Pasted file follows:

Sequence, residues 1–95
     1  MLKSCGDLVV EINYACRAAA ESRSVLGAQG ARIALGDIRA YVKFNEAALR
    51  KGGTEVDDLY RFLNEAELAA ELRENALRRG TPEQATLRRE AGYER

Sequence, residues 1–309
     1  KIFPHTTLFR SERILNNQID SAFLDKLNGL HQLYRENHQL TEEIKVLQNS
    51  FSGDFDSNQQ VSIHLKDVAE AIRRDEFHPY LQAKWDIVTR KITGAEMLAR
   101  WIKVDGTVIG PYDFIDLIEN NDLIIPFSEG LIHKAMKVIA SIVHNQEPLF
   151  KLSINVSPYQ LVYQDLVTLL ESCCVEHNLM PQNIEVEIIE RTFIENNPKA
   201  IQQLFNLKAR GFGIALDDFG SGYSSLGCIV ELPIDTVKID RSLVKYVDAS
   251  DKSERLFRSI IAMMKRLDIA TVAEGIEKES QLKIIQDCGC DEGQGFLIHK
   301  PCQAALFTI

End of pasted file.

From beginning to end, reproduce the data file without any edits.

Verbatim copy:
Sequence, residues 1–95
     1  MLKSCGDLVV EINYACRAAA ESRSVLGAQG ARIALGDIRA YVKFNEAALR
    51  KGGTEVDDLY RFLNEAELAA ELRENALRRG TPEQATLRRE AGYER

Sequence, residues 1–309
     1  KIFPHTTLFR SERILNNQID SAFLDKLNGL HQLYRENHQL TEEIKVLQNS
    51  FSGDFDSNQQ VSIHLKDVAE AIRRDEFHPY LQAKWDIVTR KITGAEMLAR
   101  WIKVDGTVIG PYDFIDLIEN NDLIIPFSEG LIHKAMKVIA SIVHNQEPLF
   151  KLSINVSPYQ LVYQDLVTLL ESCCVEHNLM PQNIEVEIIE RTFIENNPKA
   201  IQQLFNLKAR GFGIALDDFG SGYSSLGCIV ELPIDTVKID RSLVKYVDAS
   251  DKSERLFRSI IAMMKRLDIA TVAEGIEKES QLKIIQDCGC DEGQGFLIHK
   301  PCQAALFTI